Finally, stricter RMCPs are necessary because older AML/CFT/CPF controls may be ineffective in detecting or preventing new money laundering or terrorist financing and proliferation financing methods. Criminals and terrorist organisations are constantly developing new ways to launder money and finance their activities.

What are the biggest changes?

The General Laws (Anti-Money Laundering and Combating Terrorism Financing) Amendment Act (GLAA) made several alterations to the FIC Act’s RMCP requirements – too many to cover in one article – but here are three significant changes:

  1. The definition of beneficial owner has been updated, and accountable institutions will now have to make provisions and thoroughly document their due diligence process and elimination processes for identification and verification of beneficial owners.
  2. Proliferation financing (the raising, moving or making available funds or other economic resources and assets to assist with the proliferation of nuclear, chemical or biological weapons) has been added as a risk. Accountable institutions are required to document how they identify and assess proliferation financing risks, plus how they’ll mitigate these risks.
  3. PIPs (prominent influential persons who hold specified positions in certain companies that make them susceptible to corruption and bribery) have been added and accountable institutions must now assess the money laundering risk associated with this type of client.

And in addition to the GLAA, further AML/CFT/CPF measures that affect accountable institutions are being introduced. For example, Directive 8 of 2023, which came into effect in March, requires them to screen their employees for competence and integrity, as well as scrutinise employee information against the targeted financial sanctions (TFS) lists.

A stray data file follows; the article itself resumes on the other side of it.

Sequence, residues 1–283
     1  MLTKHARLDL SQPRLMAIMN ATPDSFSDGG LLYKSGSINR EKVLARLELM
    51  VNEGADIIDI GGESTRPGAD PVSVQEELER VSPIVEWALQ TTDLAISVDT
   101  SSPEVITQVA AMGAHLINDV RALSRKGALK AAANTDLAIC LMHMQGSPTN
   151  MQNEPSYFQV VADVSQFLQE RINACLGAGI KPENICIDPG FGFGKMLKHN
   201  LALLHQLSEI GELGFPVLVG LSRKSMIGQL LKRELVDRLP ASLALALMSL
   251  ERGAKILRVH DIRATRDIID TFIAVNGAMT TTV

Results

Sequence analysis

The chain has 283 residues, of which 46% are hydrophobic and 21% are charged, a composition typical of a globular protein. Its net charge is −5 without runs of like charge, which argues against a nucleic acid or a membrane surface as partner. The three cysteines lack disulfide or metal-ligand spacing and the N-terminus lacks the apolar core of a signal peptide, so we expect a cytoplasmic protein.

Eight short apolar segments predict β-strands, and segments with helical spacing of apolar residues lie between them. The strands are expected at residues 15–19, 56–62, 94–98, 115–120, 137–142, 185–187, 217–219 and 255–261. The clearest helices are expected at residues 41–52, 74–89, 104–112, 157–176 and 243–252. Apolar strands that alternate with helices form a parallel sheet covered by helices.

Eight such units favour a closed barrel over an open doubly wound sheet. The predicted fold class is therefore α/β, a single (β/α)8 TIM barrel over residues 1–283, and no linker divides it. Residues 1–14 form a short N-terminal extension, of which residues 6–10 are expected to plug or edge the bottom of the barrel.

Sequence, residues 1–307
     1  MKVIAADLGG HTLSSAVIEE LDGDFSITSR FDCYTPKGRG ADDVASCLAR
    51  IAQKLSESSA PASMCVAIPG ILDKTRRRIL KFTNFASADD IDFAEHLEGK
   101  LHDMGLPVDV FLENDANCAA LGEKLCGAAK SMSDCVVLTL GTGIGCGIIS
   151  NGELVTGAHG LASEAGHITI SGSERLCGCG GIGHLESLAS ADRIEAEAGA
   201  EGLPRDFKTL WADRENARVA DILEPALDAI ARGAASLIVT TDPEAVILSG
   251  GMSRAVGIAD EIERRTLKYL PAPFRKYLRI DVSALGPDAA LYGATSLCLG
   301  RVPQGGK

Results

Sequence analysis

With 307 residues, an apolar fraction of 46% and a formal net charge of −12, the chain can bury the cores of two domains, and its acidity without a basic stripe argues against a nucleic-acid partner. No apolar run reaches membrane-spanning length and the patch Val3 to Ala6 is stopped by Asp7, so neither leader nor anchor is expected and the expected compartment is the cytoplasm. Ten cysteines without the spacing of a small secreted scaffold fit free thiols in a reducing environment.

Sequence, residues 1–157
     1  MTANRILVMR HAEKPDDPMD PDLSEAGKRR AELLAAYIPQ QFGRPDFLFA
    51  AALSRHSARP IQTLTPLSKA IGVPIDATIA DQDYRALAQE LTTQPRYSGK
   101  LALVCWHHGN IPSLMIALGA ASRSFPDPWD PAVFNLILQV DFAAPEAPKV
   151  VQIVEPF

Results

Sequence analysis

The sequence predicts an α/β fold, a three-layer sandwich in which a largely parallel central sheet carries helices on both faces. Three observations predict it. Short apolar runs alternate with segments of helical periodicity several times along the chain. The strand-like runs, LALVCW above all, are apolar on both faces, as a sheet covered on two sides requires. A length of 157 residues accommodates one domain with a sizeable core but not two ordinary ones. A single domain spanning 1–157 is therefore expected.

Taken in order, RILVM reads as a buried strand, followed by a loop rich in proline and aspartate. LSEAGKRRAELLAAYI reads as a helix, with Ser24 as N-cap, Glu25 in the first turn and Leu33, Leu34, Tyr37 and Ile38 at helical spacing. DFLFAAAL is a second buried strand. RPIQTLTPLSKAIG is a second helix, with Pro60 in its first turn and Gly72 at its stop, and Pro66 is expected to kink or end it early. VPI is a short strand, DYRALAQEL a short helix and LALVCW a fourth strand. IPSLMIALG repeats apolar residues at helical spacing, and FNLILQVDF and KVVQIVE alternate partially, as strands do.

What are the hallmarks of a robust RMCP?

It is imperative that accountable institutions understand the nature of their business and thoroughly comprehend the concept of money laundering, terrorist financing and proliferation financing and how it applies to them.

In addition, they must grasp what a risk-based approach is and apply it consistently throughout their business. A robust and effective RMCP requires a risk-based approach, adequate policies, procedures and controls, strong leadership commitment, ongoing training and awareness raising, independent monitoring and review, and a continuous improvement culture.

Finding a solution

In practice, implementing a strong RMCP is easier said than done. Across the board, accountable institutions seem to struggle with understanding certain regulations. For example, Section 21B, which refers to conducting due diligence relating to legal persons, trusts and partnerships, throw many off kilter, and our Compliance Officers are often called on to help clients implement this requirement, amongst others, in their RMCPs.

Another issue that often comes up during our discussions with accountable institutions is the adoption of a very generic risk-based approach. A RMCP will exist, but it doesn’t meet the accountable institution’s requirements or suit its business model. The mere existence of an RMCP won’t help you pass a FIC inspection because the FSCA expects a RMCP to address the specific risks faced by a specific accountable institution.

Many accountable institutions also fail to adhere to Section 43 of the Act, which requires that they provide their staff with ongoing training on how to comply with FICA and their RMCPs.

Working with a Compliance Officer and practice management partner can go a long way in helping accountable institutions understand their money laundering and terrorism and proliferation financing risks. These experts can help businesses update and implement robust RMCPs that go beyond just checking compliance boxes, so that when the FSCA comes knocking, they can pass their FIC inspection with flying colours.


By Chantelle Ann Wilford, Masthead Compliance and Practice Management Consultant, and Shanal Boodiram, Masthead Compliance Manager